While Ben Gacem works to preserve culture inside the Medina, outside its walls a swell of young Tunisians is redefining that cultural heritage through arts, music and design. Among the standouts is Anissa Meddeb, who blends Tunisian textiles and Asian influences to create fresh, fashion-forward clothing for her brand Anissa Aida. Born and raised in Paris to Tunisian parents, Meddeb studied fashion in New York before deciding to move to Tunis to start her own line.

When she first got started in 2016, she said it was tough finding quality fabric in a sea of fast-fashion polyester. So she scoured the small towns in Tunisia to find the best silk, linen and cotton weavers to collaborate with. “I wanted to get back to the roots of artisans,” Meddeb said. It took her months to find the right partners, but now she commissions fabrics from across the country for her line, which is sold in local boutiques like Musk & Amber as well as in shops across Europe.

When I asked Meddeb why a rising design star would move from a fashion mecca to Tunis, she was clear: “There’s an energy in Tunis now, especially with younger artists. People have something to say.”

There’s an energy in Tunis now, especially with younger artists. People have something to say.

For travellers looking to tap into that energy, and the beautiful design that goes with it, head to the neighbourhoods north of downtown Tunis. Closest to the city centre, in Mutuelleville, stop by L’artisanerie for hand-woven plant hangers and decorated mirrors, then visit Mooja and Elyssa Artisanat to try on the latest in Tunisian fashion. In the trendy La Marsa neighbourhood, you’ll find contemporary pottery in a fresh black-and-white palette at Noa Atelier; a floor-to-ceiling selection of handwoven foutas (a traditional towel perfect for the beach or your guest bathroom) at Hager Fouta; and streetwear with cheeky phrases like “The Harissa People” (a nod to Tunisia’s piping-hot chilli paste) in Arabic calligraphy at Lyoum. Finish your tour in the seaside neighbourhood of Sidi Bou Said, where, tucked among the charming blue-and-white houses, you’ll find Rock the Kasbah, a quirky homewares store built into a traditional house.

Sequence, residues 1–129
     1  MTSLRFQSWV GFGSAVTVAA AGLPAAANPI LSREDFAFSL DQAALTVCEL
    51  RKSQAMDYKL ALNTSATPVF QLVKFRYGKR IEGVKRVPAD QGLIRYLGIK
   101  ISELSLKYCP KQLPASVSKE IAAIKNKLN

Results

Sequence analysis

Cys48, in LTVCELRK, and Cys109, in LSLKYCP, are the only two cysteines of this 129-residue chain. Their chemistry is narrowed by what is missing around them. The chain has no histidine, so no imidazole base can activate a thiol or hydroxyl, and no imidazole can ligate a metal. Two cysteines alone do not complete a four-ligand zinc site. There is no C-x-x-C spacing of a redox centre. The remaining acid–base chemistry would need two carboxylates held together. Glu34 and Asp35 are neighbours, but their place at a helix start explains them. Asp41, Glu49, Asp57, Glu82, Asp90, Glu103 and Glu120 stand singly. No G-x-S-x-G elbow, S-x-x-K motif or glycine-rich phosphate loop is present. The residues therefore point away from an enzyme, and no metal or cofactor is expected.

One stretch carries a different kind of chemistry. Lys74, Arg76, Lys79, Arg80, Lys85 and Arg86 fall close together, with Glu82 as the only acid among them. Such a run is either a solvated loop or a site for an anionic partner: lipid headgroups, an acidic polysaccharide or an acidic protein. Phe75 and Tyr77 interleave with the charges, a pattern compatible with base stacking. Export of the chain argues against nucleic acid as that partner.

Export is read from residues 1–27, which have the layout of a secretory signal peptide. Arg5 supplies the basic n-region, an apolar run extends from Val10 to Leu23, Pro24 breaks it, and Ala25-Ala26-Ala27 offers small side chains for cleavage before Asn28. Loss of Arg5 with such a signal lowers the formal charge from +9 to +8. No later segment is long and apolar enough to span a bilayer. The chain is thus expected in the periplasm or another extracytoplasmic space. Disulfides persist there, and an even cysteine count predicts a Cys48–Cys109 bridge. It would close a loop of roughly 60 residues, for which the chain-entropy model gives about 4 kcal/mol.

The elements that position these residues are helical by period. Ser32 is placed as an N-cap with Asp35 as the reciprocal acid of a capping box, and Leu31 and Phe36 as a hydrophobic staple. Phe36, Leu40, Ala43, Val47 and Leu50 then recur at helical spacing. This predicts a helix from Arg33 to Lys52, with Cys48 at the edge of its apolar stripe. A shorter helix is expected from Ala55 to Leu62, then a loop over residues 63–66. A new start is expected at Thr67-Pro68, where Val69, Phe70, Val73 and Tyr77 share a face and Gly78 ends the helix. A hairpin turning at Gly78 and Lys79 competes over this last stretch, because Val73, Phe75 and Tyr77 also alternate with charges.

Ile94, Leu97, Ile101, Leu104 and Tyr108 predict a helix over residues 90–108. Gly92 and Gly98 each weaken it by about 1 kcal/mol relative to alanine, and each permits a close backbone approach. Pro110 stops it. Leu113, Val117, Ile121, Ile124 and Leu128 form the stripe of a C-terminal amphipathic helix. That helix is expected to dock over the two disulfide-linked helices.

But great design isn’t the only thing you’ll find dotted among the luxurious houses and charming villages along the northern coast. It is also where you’ll find those world-class Roman ruins I escaped the Eternal City to find.

Long before there was Tunis, there was Carthage, the ancient Phoenician port city that was Rome’s arch-rival for centuries. In the epic poem the Aeneid, the Roman poet Virgil tells how Carthage’s founder, queen Dido, fled Tyre in present-day Lebanon and landed in North Africa. When she pleaded for a scrap of land from the leader of the local tribe, he tossed an ox hide on the ground, saying she could have the land the hide covered. In a deft move of both semantics and surgery, she sliced the hide into thin ribbons and encircled an entire hill just above the port with it. This is Byrsa Hill, the best place to start a day of exploring the Punic and Roman ruins of Carthage.

At first glance, Byrsa Hill, which is dotted with villas and mansions, looks more like Beverly Hills than a Unesco World Heritage site. But unlike Beverly Hills, if you want to put a pool in your Byrsa backyard, you better call an archaeologist first. For centuries, one civilisation after another built homes on this piece of prime real estate, and digging just a few metres down can turn up African red slip pottery or the remains of a Roman mosaic.

While the hilltop offers sweeping views of the Mediterranean Sea and a few Punic and Roman-era ruins, its main attraction, The Carthage Museum, is closed for renovation until further notice. Instead, stick to the sites at the foot of the hill: one ticket gets you into all eight major sites, which are within walking distance or a short cab ride.

My favourite of the eight is the Tophet, or Punic, cemetery. It may be one of Carthage’s more diminutive sites, but its grisly history lends it an outsized role. Here, the ancient Phoenicians offered child sacrifices to the goddess Tanit and commemorated each one by erecting a sacrificial stone engraved with her image: a circle perched on a triangle, with outstretched arms. Dozens of these stones are clustered among a grotto of palms, in a placid but eerie scene.

Just up the road, the Antonine Baths cut a more imposing figure. The series of sand-coloured arches and marble pillars were part of a cistern and public bath constructed during the Roman era, one of the largest ever made. The complex is so vast that on my last visit I watched a lone Tunisian boy scout spend nearly 20 minutes trying to find his troop in a game of Sardines.

For those with an even greater hunger for ancient history (and a rental car on hand), a day trip to Dougga is well worth the effort. Just two hours’ drive south-west of the capital, Dougga is the best preserved Roman city in North Africa. The vast Unesco complex, with its imposing Roman forum and temple, stands alone on a hill overlooking vast plains bursting with yellow wildflowers in the spring and amber grain throughout summer and autumn. You can spend hours wandering through the warren of well-preserved streets, imagining what life in the Roman town must have been like, and do it with the peace one can never find in Europe. Both times I visited, in April and June, I had the place entirely to myself.

Tunis may not have Rome beat in every category (the food, which is heavy on a trifecta of eggs, tinned tuna and harissa, often leaves something to be desired), but it doesn’t have to. As Tunis folds its past into its future, it is creating its own legacy as a capital of culture, history and freedom.

Comeback Cities is a BBC Travel series that showcases under-the-radar capitals, champions the urban underdogs and revels in the success stories of cities that have turned their fortunes around.